Opinion: Carolina Beat

CJ Editorial: Must Eugenics Victims Keep Waiting?

The following editorial appeared in the June 2013 print edition of Carolina Journal:

At long last, it seemed, North Carolina state government seemed poised to address one of the most shameful policies in North Carolina history: the eugenics program, which sterilized thousands of North Carolinians who were considered by state officials to be unfit to have children.

Pat McCrory campaigned in favor of compensating living victims of the state’s forced sterilization program during his successful 2012 run for governor. His budget proposal included $10 million for that purpose.

House Speaker Thom Tillis, R-Mecklenburg, has made compensation a priority since he rose to the top spot in the House two years ago — and during the 2011-12 session of the General Assembly, the House passed a measure with a bipartisan 86-31 margin offering modest compensation of $50,000 to every living victim of the sterilization program.

But opposition in the Senate killed that proposal, and resistance remains to this year’s version. The Senate budget proposal introduced in May does not include funding for eugenics victims, and Senate leaders consider the matter settled.

It shouldn’t be. By no means would a $50,000 cash payment serve as full restitution for the indignities our state government imposed on the several hundred victims still living. It would be more meaningful than the apology Gov. Mike Easley offered them nearly a decade ago, and it would acknowledge, in a tangible way, that for decades an official policy of North Carolina was a moral outrage.

A task force created by former Gov. Bev Perdue estimated that more than 7,500 North Carolinians were sterilized between 1929 and 1974 under a 1929 law “to Provide For the Sterilization of the Mentally Defective and Feeble-Minded Inmates of Charitable and Penal Institutions of the State of North Carolina.” Though most states with eugenics statutes wound down their programs after World War II, North Carolina’s sterilizations accelerated. And in the program’s latter years, blacks were sterilized at disproportionately higher rates than whites.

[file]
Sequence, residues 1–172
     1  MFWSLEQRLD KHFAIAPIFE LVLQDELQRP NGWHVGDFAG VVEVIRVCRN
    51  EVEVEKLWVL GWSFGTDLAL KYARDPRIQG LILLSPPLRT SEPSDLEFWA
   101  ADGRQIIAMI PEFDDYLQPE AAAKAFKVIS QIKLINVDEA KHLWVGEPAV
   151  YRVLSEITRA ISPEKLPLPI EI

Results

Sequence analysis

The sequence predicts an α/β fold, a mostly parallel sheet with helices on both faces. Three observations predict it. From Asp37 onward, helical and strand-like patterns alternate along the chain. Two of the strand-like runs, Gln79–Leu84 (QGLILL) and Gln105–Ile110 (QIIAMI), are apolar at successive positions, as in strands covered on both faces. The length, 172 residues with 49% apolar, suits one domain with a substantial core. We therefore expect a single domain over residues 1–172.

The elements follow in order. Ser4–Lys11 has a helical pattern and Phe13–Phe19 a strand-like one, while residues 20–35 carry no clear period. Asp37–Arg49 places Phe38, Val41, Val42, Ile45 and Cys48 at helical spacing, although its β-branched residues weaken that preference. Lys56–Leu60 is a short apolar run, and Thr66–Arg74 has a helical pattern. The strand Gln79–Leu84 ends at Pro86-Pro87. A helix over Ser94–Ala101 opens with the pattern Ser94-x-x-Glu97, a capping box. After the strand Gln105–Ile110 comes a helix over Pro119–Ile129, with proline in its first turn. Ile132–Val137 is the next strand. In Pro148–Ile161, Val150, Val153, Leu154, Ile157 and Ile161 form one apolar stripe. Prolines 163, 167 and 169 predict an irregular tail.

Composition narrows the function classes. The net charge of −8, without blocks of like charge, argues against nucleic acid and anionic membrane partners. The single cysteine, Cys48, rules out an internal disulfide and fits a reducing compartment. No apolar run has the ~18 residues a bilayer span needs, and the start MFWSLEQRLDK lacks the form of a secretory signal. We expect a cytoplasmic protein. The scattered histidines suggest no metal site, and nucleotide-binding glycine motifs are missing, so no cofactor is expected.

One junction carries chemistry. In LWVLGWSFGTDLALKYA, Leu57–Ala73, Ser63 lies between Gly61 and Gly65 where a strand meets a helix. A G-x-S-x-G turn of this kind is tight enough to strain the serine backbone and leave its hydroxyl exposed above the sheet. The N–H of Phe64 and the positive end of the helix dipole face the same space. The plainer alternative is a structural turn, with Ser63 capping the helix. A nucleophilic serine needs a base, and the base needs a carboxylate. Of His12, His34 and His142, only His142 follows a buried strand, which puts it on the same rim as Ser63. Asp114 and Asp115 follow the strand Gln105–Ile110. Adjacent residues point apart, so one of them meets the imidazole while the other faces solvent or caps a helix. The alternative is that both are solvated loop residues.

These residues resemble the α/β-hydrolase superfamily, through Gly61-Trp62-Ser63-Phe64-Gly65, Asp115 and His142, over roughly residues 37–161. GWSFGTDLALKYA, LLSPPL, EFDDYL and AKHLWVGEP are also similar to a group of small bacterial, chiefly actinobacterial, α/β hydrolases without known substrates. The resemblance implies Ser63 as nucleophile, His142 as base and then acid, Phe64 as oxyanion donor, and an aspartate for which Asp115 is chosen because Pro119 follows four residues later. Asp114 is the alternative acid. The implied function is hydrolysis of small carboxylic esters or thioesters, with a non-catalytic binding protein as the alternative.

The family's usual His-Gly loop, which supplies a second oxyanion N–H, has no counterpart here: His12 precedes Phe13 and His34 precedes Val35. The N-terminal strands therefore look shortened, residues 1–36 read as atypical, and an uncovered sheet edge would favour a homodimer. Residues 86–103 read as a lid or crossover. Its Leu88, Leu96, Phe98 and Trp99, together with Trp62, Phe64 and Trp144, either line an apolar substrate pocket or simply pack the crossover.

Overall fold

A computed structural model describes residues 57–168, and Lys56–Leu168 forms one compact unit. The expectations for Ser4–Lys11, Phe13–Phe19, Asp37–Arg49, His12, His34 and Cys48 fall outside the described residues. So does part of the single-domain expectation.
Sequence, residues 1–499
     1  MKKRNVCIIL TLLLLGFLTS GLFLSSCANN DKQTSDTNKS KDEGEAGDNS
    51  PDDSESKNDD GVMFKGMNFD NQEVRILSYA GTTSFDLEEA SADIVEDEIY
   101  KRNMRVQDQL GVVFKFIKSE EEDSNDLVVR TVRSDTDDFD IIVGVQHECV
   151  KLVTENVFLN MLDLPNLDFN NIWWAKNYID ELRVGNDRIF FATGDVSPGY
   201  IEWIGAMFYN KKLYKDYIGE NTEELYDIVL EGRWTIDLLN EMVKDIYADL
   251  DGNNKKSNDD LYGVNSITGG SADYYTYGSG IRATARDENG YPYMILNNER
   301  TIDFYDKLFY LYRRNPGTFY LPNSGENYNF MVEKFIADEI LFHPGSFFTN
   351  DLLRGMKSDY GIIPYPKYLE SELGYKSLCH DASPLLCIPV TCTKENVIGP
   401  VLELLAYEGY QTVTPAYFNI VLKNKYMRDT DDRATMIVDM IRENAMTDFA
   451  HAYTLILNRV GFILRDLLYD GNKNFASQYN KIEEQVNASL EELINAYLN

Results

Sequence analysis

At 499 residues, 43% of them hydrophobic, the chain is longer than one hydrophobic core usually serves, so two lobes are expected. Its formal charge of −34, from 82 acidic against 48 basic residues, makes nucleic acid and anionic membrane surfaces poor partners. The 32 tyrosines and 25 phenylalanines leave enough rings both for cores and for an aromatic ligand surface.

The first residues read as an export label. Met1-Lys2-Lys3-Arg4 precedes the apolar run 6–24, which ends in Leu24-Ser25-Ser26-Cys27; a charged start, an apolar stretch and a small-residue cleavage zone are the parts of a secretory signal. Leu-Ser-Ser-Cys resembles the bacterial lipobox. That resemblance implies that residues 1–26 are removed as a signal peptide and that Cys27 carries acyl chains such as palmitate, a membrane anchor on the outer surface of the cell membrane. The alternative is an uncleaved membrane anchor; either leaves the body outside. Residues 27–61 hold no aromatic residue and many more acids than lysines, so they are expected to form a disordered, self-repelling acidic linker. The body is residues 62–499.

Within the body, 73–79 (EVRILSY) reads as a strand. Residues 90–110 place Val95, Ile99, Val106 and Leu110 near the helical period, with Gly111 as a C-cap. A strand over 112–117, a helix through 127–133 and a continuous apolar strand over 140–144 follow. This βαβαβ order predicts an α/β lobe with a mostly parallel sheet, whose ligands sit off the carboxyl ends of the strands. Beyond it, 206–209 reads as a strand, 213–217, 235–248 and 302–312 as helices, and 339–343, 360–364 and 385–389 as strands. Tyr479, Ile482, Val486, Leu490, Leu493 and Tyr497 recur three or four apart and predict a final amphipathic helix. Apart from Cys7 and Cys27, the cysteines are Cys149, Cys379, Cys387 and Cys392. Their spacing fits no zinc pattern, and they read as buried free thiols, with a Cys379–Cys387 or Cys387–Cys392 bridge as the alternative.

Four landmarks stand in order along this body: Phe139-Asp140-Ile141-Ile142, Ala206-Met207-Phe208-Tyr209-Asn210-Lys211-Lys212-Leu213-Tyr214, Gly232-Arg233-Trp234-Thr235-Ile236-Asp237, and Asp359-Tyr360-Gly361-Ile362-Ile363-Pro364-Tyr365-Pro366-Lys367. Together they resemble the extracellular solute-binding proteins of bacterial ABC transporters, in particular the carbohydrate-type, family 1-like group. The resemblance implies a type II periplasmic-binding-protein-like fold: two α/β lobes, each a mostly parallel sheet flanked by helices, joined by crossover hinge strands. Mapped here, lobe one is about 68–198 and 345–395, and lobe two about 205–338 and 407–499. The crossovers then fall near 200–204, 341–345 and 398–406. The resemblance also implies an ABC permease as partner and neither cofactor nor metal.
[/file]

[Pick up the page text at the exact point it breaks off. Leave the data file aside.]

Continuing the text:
North Carolina formed a Eugenics Board in 1933 that authorized forced sterilizations “for the public good.” Penal institutions and mental hospitals asked the board to authorize the sterilization of individuals; if the individuals did not grant consent, officials would seek to get it from relatives, spouses, or guardians. The final eugenics-related sterilization was in 1974.

Some Senate Republicans argue that it’s not their job to aid eugenics victims because the program took place when Democrats dominated state government, and previous Democrat-run legislatures refused to take responsibility when they were in charge. Others note that tight fiscal times require discipline from policymakers, and they see compensation for victims as a new program the state cannot afford.

We don’t care why the legislature failed to be accountable for this official injustice. It’s possible the final House budget will include funding for compensation. We hope so, and as negotiations proceed, we would urge the Senate to set aside trivial concerns and begin to close this ugly chapter of our state’s history.